Former president Lula de Silva was leading in early polling in the Brazilian election, but is most likely going to be watching the campaign through prison bars.

The Porto Alegre's Regional Court rejected former Brazilian president Lula de Silva’s appeal on Monday, yet another decision against the leader of the Workers’ Party (PT) after a similar ruling from the Superior Court of Justice earlier this month. As a result – and despite leading in the polls for the presidential election later this year –  Lula’s immediate future seems to be in prison.

His last hope rests in the arms of a Federal Supreme Court unlikely to reverse his fate early April.

The upcoming Brazilian presidential elections have become even more uncertain with no candidate clearly breaking away from the pack. Lula’s absence should benefit left-wing candidate Marina Silva who could snag the votes of PT supporters after two unsuccessful runs for the presidency. She was Lula’s former Environment Minister and her tiny green party will be strongly opposed by agribusiness and mining companies throughout the campaign.

However, in a country marked by a profound rejection of the political class, symbolized by current President Temer setting new historic records of unpopularity, her chances are now realistic.

Silva currently trails behind far-right candidate, Jair Bolsonaro, often labelled the Brazilian version of Donald Trump. His pro-gun, evangelical political platform, marked by a nostalgia for the days of military dictatorship, has drawn the support of the wealthiest segments of Brazilian society and pro-business organisations.

Bolsonaro’s lead in early polls in the absence of Lula, should however not guarantee him a victory in a two-round ballot as his positions are too extreme to build alliances with others. 

Amid this polarisation, no centrist politician seems up for the task of filling the vacuum. 

Moderate candidates and political veterans such as Geraldo Alckmin and Ciro Gomes have failed to gain any momentum among an electorate disheartened by the never-ending corruption scandals.

It might very well be the year for an out-of-the-box contender patiently waiting to announce a bid. Forewarned by the collapse in the polls of Sao Paolo mayor, Joao Doria, who trumpeted his intentions too soon, several political newcomers are waiting to formalise their interests. 

Among them, two names are regularly mentioned as serious options: former Chief Justice Joaquim Barbosa and TV celebrity Luciano Huck. 

Barbosa has made a name for himself championing the fight against corruption during his tenure at the helm of the Federal Supreme Court. His lack of political experience will be less of an obstacle than the fact that Brazil is probably not ready to elect a black president.

Luciano Huck’s media personality, however, and his main-street appeal match better with the average Brazilian voter despite the absence of a track record. The TV presenter has already denied twice that he’s contemplating a run for the presidency but the constant courting from business circles and his recent statements on the need to fix Brazilian politics have only reaffirmed speculations about his real intentions.

But whoever ends up battling for Brazilian leadership will have to offer answers to a country-continent suffering from high insecurity, economic sluggishness, endemic corruption and societal crisis.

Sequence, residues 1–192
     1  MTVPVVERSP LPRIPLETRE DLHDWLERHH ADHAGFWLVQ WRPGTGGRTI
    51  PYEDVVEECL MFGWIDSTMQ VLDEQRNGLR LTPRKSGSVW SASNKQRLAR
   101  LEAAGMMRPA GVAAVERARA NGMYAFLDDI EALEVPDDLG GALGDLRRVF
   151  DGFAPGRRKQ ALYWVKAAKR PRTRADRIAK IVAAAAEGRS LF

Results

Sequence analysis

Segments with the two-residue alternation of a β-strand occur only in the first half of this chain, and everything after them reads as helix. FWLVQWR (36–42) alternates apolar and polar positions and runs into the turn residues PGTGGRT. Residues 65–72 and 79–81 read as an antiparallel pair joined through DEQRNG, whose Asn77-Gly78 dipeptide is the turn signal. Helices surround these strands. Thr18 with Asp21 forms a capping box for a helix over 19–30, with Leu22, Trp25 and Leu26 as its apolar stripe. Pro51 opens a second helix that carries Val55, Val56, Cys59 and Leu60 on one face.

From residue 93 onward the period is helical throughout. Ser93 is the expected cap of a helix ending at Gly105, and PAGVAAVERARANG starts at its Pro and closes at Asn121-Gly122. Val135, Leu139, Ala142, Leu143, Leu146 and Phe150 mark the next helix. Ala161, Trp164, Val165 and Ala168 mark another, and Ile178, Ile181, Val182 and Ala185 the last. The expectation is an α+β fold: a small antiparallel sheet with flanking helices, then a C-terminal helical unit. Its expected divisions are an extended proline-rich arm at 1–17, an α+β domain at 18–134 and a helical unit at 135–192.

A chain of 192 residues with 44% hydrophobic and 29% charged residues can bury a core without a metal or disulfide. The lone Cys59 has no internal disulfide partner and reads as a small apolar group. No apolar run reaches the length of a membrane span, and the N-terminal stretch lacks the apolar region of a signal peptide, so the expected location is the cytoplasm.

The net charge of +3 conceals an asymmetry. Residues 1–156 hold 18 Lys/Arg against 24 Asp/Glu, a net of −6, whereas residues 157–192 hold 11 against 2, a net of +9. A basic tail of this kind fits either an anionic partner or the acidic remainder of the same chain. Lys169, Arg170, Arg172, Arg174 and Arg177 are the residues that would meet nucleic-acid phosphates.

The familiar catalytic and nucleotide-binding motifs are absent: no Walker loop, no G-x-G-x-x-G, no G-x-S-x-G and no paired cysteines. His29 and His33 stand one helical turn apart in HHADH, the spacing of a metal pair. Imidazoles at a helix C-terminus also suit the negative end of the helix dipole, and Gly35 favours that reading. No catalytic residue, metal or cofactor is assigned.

Over the last two years, the Brazilian currency has lost a quarter of its value, the unemployment rate remains above 12 percent and the lack of economic reforms hinders the foreign investments that have helped keep the economy afloat over the last few years.

The economic slowdown and corruption scandals have also deepened a rampant societal crisis across the country, best embodied by the state of Rio de Janeiro. The iconic Brazilian tourist destination, plagued by gangs and violence, was stormed last month by military forces in the hopes of preventing chaos across a region where someone dies every 90 minutes of gun violence and gang rivalries.

In February, a 3-year-old girl, Emily, died in her parents’ car when carjackers panicked and shot in her direction.The ensuing public outcry and condemnations during the traditional Carnaval do Brasil had little impact. 

On March 14th, Marielle Franco, a local representative, born in one of Rio’s poorest favelas and known for her denunciations of police violence, was shot at gunpoint in the back of her car. The political assassination of this outspoken critic of military intervention is symptomatic of a growing schism in the carioca society, and in Brazil in general.

For some, the rise of insecurity and contestation demands a stronger answer and military rule is a welcome relief. The left, however, is keen to remind everyone of the dark years of the military dictatorship and the regular exactions committed by death squadrons throughout the 1980s.

The deployment of “peacemaking police units” in the Rio favelas over the last ten years have had little impact, if any. In fact, several cases of corruption between drug traffickers and underpaid police officers have been making headlines since 2008.

In this climate of rising insecurity, corruption and economic recession, Lula will be portrayed as a political prisoner by the many who worship him. Others however will underline the embezzlement he was proven guilty of and look for a rare candidate not tainted by the endemic corruption in the country.

In such a divided country, the next president will have his work cut out for him. Relieving the conflicting exasperations of a young society whose enormous potential is dwarfed by insecurity and corruption will be a daunting challenge.

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